“The first thing that most people see when they’re going to Wapahani is when they look to their right and they see the wonderful baseball and field,” Wapahani athletic director Matt Luce said. “And the first thing you think of is Brian Dudley.”

‘No’  

When Dudley came back to his alma mater after getting a teaching degree at Ball State University, his career was the only thing on his mind. 

While he coached middle school baseball, the idea of coaching the Raiders’ varsity baseball team was not one he envisioned. When he was asked about taking the role before the 1983 season, he did not want to hear it. 

“No, I don’t want to do it. No, no, don't ask,” he recalled.  

After multiple students and some of his former middle school players kept badgering him, he fed into the idea and took the reins of the Raiders in February 1983. 

“We didn't start practicing with pitchers and catchers [until near the season],” Dudley said. “I thought I’d do it for a couple of years to get things back on track. And then it was 39 years.”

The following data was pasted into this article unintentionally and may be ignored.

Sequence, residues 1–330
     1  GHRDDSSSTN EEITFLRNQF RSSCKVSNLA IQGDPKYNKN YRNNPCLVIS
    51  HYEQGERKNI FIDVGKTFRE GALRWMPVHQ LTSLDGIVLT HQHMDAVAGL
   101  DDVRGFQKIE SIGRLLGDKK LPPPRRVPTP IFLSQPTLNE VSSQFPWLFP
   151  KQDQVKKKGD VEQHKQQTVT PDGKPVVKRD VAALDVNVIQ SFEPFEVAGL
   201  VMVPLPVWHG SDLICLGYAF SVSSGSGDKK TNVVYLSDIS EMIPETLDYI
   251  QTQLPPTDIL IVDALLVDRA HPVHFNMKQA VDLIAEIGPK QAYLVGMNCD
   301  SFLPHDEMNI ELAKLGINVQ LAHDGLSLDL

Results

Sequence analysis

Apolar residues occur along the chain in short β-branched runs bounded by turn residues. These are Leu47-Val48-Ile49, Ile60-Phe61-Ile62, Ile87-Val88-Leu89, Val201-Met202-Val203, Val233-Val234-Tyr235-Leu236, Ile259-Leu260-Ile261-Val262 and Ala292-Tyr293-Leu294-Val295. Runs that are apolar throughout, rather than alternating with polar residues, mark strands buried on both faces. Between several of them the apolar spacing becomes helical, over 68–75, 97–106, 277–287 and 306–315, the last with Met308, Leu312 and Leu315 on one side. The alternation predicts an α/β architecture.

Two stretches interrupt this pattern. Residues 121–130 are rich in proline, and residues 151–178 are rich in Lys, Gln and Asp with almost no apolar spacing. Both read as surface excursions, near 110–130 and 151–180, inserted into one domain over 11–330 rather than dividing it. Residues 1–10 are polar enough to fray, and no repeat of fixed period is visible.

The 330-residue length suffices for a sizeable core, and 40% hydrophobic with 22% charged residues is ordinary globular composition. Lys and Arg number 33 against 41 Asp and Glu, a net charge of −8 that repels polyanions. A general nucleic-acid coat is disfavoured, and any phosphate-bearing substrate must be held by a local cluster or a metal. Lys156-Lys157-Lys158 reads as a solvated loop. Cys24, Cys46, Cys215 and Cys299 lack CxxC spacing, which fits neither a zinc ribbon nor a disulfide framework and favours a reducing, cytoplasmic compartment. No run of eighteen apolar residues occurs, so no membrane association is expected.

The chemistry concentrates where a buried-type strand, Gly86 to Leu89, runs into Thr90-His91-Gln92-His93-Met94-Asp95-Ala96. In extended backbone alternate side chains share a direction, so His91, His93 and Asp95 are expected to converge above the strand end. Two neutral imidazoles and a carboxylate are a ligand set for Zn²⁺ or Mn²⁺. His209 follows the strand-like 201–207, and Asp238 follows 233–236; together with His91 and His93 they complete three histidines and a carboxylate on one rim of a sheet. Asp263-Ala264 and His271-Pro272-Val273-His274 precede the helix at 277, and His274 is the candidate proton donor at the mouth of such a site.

The Raiders finished Dudley’s debut season with a 14-7 record. Five seasons later, he led the program to its first sectional and regional championship. One of the Raiders who helped hoist the trophies was Luce. 

“We were just hungry as a program,” Luce said. “Coach Dudley wanted to establish himself as one of the area's best programs and teams.” 

Heath Dudley runs.jpg
Wapahani head coach Heath Dudley runs April 19 during a game against Eastern Hancock at Eastern Hancock High School. Zach Carter, DN.